Understanding Tire Aspect Ratio

Tire Aspect Ratio One aspect of tire sizing that is often confused is aspect ratio. The aspect ratio is a tire’s section height as compared to its section width. The aspect ratio is often referred to as the tire’s “series.” With that in mind, a 50-series tire has a section height that is 50 percent of the section width.

Of course, the section width can change on a tire in relation to the width of the wheel on which it’s mounted. As the aspect ratio decreases, it is important to use a wheel that is closer to the section width. For example, a 50-series tire and larger should have a wheel that measures 70 percent of its section width, and a 45-series tire should have a wheel that measures 85 percent of its section width.

The ratio between the section width and the wheel width is very important in selecting the right wheels and tires for your ride. Choosing a wheel that is too narrow will cause the sidewall to balloon and will allow the tire to distort excessively under hard cornering, resulting in sloppy handling. Choosing a wheel that is too wide for the tire can cause it to pull away from the wheel at high speed and will give the car a much harsher ride. The loss of curvature in the sidewall will not allow the tire to flex as far, resulting in a ride where every pothole feels like a crater.

Most tire manufacturers publish guides for their various tire lines, complete with the range of wheel widths that are best suited for each tire size. Sometimes the best tire for your car is not necessarily the biggest tire that will fit, and taking the time to thoroughly explore your options before you pull out your wallet will reap far greater rewards down the road.

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18 Responses to “Understanding Tire Aspect Ratio”

  1. dan

    I have a comment in the form of a question: I need a 255x50x16 tire for my '87 Corvette and am having an impossible time. I know I can't use anything but 16" but can I use something different from the 255 and 50 dimensions ? Thanks !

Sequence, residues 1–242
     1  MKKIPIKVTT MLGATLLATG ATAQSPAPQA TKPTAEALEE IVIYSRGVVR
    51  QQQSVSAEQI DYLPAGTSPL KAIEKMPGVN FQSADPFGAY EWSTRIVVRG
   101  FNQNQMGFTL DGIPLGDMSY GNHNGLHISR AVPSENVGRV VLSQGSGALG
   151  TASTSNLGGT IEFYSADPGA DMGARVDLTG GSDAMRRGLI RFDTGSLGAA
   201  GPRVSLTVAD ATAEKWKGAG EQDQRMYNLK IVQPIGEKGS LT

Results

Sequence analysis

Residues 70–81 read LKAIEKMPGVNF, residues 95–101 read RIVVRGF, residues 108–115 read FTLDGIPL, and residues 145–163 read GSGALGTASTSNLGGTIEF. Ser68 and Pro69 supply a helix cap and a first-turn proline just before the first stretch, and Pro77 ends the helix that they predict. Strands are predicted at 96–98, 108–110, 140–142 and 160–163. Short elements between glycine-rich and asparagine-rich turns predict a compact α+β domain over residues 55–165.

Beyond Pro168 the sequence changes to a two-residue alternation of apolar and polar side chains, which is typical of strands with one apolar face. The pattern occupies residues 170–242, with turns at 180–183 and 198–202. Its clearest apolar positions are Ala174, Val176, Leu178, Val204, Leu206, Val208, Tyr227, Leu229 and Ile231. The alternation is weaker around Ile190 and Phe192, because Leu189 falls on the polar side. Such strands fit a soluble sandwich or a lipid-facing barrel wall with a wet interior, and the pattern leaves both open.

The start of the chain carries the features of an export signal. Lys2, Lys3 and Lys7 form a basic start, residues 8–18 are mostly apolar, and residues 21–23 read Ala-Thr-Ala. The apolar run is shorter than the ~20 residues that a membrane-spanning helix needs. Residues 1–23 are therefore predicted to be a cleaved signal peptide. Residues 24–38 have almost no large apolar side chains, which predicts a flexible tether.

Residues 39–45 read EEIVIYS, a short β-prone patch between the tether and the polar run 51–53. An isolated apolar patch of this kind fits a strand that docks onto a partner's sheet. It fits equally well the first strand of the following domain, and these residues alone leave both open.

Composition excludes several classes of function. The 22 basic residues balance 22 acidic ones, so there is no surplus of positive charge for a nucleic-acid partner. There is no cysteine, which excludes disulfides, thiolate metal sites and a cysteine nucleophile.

2. Bobby

    I have F70-15 Mickey Thompson sportsman, on the rear of Nova. Is this the same as a 245 or 255. Thinking of going 255-60-15.

  3. Todd Endy

    looking for a replacement tire for 26x7.50-15 in a radial tire . What would be close to this size ? Thanks


    I have a 1967 Plymouth satellite it has stock magnums 14x7" rims with 255/70/14 on it now looking for something wider for the back and may go skinner on front any suggestions

  5. Rob

    I have a 72 Chevelle SS. It has 235/60/15 tires on all 4 corners. My question is, can I put a wider tire on these factory rims on the back? They are factory 5 spoke rally wheels.


    Was just told by an insurer that because my Porsche had 30 series tires, they would not insure it.

  7. Dave B Jones

    I'm the ol'e s'cool car guy, I have 15'' rims, and need the big fat tires for the rear, where can a guy find stuff bigger than the 295'x50x15's? need some extra wide for my 82' C3, custom stuff you know, but not the stupid prices the want for 1 tire,I can buy a complete set of the 'afore mentioned' tire plus a spare~!, please help~!

  8. SteveJohnson

    I have a 1969 BOSS 429 Mustang that I have had in storage for 30 years. I recently took it out of storage and am getting ready to get it together and back on the road.. It currently is sporting Dunlop H50 15" tires mounted on 15X8 wheels on all four corners of the car.... A couple of questions? 1. What is the modern equivalent size to match this 2. Realizing the multitude of new tire and wheel sizes and dimensions, what other combination would give me the height and width? thank you Steve Johnson

  9. Kevin Madden

    I have a 68 442 what is the beat look and size tires for this vehicle I have 14” & 15” wheels Thanks

  10. Keefer

    I have a 2008 MKX with factory 20 inch wheels that are beat up pretty badly from a previous owner. After driving it for over a year now, I have decided I really don't like the harsh ride of the "low profile" tires it came with. Is it feasible to get a smaller wheel and bigger tire to rectify this issue?